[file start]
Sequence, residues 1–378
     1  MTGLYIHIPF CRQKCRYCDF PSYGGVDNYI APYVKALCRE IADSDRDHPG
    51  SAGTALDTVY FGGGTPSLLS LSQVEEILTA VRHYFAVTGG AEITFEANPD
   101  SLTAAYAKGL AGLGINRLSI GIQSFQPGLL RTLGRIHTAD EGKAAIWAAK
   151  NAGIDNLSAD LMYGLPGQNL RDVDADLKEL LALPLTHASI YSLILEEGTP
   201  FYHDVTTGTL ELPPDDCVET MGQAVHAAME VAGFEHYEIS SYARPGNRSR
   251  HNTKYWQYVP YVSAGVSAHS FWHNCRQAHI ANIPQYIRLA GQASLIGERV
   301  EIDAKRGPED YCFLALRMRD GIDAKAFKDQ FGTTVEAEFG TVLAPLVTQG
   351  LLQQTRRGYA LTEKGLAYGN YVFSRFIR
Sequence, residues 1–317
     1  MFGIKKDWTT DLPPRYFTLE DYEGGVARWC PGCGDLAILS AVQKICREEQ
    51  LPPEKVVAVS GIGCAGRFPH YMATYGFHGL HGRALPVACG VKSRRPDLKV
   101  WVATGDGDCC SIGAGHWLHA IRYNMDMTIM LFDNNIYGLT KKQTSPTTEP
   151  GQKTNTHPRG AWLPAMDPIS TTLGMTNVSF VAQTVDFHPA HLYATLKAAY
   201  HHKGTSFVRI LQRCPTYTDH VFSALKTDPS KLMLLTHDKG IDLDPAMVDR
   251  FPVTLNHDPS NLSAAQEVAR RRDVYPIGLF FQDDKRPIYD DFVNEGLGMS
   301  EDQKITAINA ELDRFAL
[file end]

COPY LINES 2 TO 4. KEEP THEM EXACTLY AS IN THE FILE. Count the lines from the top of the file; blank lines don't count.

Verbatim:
     1  MTGLYIHIPF CRQKCRYCDF PSYGGVDNYI APYVKALCRE IADSDRDHPG
    51  SAGTALDTVY FGGGTPSLLS LSQVEEILTA VRHYFAVTGG AEITFEANPD
   101  SLTAAYAKGL AGLGINRLSI GIQSFQPGLL RTLGRIHTAD EGKAAIWAAK